Orthopaedic surgeons should be aware of discrepancies between quality measures
As orthopaedic surgeons are well aware, the Centers for Medicare and Medicaid Services (CMS) is rapidly moving to the adoption of performance-based measures for determining quality bonuses. Two current programs are the Physician Quality Reporting Initiative (PQRI) and the Surgical Care Improvement Project (SCIP).
Both of these programs are designed to improve clinical quality and patient care by measuring and rewarding the performance of both individual physicians and hospitals. Although AAOS has generally been supportive of these performance-based measurement initiatives at CMS, administrative discrepancies between the two programs are creating problems for both doctors and hospitals.
Different measures for DVT/VTE prophylaxis
Beginning in early August, just a month after voluntary reporting under the PQRI went into effect, the AAOS received several concerned phone calls from both members and hospital administrators. The calls centered on a major discrepancy in how CMS measures performance for hospitals and physicians relative to deep venous thrombosis/venous thromboembolism (DVT/VTE) prophylaxis in common orthopaedic surgery procedures.
After some investigation, AAOS identified a discrepancy between Version 2.3 of the SCIP-VTE-1 (also referred to as “National Quality Forum Consensus Standards for Prevention and Care of Venous Thromboembolism”) performance measure developed by CMS for hospitals and the CMS PQRI Voluntary Reporting Measure #23, “Perioperative Care: Venous Thromboembolism (VTE Prophylaxis),” which is an individual physician measure.
At this time, PQRI Measure #23 allows individual physicians to qualify for the PQRI payment bonus if they use one of the following prophylaxis treatments for DVT/VTE in all common orthopaedic procedures, including joint replacement and hip fracture repair: low molecular weight heparin (LMWH; brand name: Lovenox), low-dose unfractionated heparin (LDUH), adjusted-dose warfarin, fondaparinux (Arixtra), or mechanical prophylaxis (pressure stockings, massage boots).
The SCIP-VTE-1 measure, however, gives payment bonus credit to participating hospitals only if certain chemoprophylaxis treatments are used for certain procedures. For example, under SCIP-VTE-1, use of LDUH is permitted only for hip fracture surgery—not for hip or knee replacement procedures. In addition, SCIP-VTE-1 does not recognize the use of mechanical prophylaxis for all orthopaedic patients and procedures, which PQRI Measure #23 does.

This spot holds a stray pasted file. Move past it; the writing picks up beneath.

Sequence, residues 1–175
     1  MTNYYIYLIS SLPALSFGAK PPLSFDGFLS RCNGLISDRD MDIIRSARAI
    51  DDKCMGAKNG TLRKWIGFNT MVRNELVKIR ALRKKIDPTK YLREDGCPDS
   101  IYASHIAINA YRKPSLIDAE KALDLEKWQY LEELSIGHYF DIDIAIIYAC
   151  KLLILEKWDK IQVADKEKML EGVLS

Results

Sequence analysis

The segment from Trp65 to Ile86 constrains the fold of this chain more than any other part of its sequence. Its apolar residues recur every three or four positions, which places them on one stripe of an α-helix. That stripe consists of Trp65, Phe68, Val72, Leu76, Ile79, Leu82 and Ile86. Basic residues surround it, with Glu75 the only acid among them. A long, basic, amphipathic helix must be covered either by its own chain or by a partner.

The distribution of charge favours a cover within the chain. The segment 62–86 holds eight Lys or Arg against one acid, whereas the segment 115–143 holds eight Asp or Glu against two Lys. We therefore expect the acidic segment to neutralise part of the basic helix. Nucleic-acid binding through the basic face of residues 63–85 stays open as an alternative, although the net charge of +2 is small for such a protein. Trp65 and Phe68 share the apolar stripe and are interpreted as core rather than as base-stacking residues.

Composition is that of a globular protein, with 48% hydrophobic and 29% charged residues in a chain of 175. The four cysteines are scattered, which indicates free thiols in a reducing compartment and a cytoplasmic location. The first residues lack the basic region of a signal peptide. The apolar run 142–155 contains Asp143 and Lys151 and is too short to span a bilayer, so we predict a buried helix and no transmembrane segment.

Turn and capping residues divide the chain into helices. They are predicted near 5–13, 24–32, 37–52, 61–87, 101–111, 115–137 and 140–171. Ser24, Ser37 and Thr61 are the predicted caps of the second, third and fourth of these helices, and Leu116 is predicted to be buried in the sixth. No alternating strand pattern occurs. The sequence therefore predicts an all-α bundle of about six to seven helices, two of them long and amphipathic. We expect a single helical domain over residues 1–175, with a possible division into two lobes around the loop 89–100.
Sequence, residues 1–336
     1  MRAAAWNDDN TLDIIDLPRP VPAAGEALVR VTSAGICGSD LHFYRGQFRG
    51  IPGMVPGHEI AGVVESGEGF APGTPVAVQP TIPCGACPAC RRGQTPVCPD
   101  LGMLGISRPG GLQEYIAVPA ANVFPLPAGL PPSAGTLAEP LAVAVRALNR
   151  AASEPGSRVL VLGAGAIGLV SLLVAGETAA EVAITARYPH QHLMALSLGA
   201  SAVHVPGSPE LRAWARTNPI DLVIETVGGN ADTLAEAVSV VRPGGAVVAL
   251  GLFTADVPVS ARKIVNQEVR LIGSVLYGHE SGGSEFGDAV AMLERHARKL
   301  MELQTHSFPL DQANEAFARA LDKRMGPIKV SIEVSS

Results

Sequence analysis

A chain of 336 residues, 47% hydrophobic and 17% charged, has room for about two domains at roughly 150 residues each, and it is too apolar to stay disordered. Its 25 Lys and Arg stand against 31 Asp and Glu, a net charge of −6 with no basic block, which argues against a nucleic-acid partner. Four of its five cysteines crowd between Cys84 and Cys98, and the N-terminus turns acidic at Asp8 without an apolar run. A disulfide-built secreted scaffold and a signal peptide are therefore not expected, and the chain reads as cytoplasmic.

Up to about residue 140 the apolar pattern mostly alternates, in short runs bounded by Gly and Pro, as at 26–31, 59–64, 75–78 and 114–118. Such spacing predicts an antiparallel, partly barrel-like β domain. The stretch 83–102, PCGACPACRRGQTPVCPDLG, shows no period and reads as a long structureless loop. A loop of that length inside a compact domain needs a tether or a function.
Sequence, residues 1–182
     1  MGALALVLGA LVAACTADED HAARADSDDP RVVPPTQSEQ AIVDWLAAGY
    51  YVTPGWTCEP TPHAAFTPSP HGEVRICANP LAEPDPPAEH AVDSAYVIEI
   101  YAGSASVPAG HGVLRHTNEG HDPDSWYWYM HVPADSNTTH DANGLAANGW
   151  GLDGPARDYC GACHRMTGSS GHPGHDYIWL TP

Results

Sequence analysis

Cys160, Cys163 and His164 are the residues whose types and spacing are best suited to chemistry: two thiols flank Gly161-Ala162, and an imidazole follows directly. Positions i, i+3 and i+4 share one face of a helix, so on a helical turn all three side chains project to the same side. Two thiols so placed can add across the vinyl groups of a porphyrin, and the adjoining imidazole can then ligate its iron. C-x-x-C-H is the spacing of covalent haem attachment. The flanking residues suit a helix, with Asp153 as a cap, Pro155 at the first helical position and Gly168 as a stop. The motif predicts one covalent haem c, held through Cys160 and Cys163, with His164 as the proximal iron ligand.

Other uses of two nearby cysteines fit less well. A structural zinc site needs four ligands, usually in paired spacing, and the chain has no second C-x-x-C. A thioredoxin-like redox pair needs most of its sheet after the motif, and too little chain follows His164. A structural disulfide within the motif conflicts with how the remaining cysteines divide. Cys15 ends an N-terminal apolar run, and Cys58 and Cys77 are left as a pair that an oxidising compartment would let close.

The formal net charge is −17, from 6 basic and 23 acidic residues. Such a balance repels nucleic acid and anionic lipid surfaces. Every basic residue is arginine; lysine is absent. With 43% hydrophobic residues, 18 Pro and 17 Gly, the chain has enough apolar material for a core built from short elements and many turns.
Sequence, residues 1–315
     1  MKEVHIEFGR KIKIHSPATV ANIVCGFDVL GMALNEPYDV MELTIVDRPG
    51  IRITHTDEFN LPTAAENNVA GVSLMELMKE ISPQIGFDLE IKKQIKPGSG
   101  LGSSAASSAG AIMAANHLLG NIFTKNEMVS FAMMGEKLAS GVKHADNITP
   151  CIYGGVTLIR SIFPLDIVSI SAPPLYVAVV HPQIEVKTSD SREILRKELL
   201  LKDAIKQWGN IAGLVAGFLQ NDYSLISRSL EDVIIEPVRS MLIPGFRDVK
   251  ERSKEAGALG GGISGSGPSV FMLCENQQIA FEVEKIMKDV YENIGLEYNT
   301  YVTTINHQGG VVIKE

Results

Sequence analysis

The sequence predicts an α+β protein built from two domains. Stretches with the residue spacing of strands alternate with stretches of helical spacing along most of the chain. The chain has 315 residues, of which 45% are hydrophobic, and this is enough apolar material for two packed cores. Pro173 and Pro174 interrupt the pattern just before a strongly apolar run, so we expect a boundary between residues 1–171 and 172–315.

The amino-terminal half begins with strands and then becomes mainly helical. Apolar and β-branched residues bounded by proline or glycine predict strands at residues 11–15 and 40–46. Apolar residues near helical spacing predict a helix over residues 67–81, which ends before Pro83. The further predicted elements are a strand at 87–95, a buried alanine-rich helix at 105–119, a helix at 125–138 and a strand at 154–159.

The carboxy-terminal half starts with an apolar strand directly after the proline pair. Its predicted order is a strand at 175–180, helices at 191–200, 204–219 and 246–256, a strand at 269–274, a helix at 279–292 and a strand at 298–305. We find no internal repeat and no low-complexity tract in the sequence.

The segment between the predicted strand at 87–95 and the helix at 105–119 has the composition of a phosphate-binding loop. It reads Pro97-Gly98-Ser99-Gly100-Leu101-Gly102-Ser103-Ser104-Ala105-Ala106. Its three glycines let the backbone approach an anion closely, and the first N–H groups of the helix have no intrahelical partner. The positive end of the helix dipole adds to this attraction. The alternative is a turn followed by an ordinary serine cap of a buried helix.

These discrepancies are understandably creating standard of practice conflicts between orthopaedists and hospital administrators.
What you should do
Until CMS addresses and corrects the problem, AAOS encourages members to inform their hospital administrators of the discrepancy between the two measure sets. Members are also encouraged to refer hospital administrators to the recently released AAOS clinical practice guideline for the prevention of pulmonary embolism in patients undergoing total hip or total knee arthroplasty, which generally corresponds to PQRI Measure #23. A summary of the AAOS clinical practice guideline is available at http://www.aaos.org/PE.pdf.
In addition, the AAOS has informed CMS of the discrepancies between the two measure sets and is encouraging CMS to correct the discrepancy by 2008.
If you have questions regarding these DVT/VTE measure standards, please contact Jill Elaine Hughes, clinical quality improvement coordinator, at (847) 384-4313 or firstname.lastname@example.org, or AAOS Medical Director Robert H. Haralson III, MD, MBA, at (847) 384-4040 or email@example.com.
Jill Elaine Hughes is the AAOS clinical quality improvement coordinator. She can be reached at firstname.lastname@example.org.